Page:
Indonesia is burning and the palm oil industry is to blame (VIDEO)

Marianne Edwards

This year’s global CO2 figures are expected to break records – as they have done for the last 30 years in a row. This year’s figures are inflated, by the forest fires in Indonesia that have been raging for months. No one has yet calculated how far the emissions from these fires will move the ‘runaway-climate’ tipping-points under discussion at the largely Big Oil-sponsored United Nations Conference on Climate Change in Paris.

The crucial 2C rise in global average temperature could be breached years earlier than expected as a result of these fires, because of the greenhouse gases and the particulate matter they produce. A moderate scenario puts the 2c rise between 35 and 70 years away. We don’t have time to spare. Already, the amount of CO2 the fires emit each day exceeds the daily output of the US economy – and that assessment was weeks ago.

The fires should be at the forefront of the news agenda, but as writer and environmentalist George Monbiot pointed out, they’re not. The destruction of tropical forests feels very distant, but the consequences of their eradication are bearing down on us, and the products they were sacrificed for are all around us. This Greenpeace drone footage shows the scale of the smouldering wasteland.

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The ashes

Indonesia’s pro-business environment and forestry minister, Siti Nurbaya, has said that 1.7 million hectares (4.2 million acres) have been destroyed. The effects of the fires don’t only cloud our future, but smoke is creating diplomatic discomfort as well. Skies are darkening across Asia and airports have been forced to close in neighbouring countries. The pollution is responsible for respiratory problems and it has already led to thousands of deaths – an entire cohort of missing children.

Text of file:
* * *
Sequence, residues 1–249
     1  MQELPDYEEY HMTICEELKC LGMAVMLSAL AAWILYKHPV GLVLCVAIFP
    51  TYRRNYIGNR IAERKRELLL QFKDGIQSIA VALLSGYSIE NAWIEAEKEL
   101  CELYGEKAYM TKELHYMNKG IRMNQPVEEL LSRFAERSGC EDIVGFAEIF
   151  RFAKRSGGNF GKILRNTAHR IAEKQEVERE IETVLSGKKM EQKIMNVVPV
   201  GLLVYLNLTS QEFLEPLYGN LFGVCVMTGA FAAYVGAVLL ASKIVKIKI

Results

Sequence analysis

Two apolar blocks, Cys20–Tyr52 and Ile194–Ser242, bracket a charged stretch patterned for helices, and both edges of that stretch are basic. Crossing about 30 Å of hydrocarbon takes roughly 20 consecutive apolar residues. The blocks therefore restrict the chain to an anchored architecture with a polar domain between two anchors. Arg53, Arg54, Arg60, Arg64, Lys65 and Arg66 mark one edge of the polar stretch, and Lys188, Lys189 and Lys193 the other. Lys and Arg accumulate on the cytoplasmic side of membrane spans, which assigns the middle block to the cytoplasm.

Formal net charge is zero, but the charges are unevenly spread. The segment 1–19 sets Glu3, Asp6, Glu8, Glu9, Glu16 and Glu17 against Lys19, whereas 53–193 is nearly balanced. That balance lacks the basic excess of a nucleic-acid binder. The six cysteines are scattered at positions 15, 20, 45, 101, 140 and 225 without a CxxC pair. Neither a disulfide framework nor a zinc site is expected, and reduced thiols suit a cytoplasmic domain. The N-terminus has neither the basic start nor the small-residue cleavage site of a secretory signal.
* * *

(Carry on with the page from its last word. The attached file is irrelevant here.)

The situation is extremely bad in Indonesia where the peat bogs are especially carbon-rich. The ground can smoulder quietly for many months, flaring again when conditions are right. The strongest El Niño on record is further exacerbating the situation.

nasa smoke imageThe size of the problem is hard to grasp. Hard because our brains aren’t wired to deal with anything of this scale, and hard because the reality is tragic, and frightening. As these staggering satellite images from the NASA Earth Observatory show, Indonesia isn’t the only place where this is happening – Northeast China, Northwest IndiaEast Africa, and South America are also ablaze. Nor is this the only year: South America was particularly badly hit in 2009.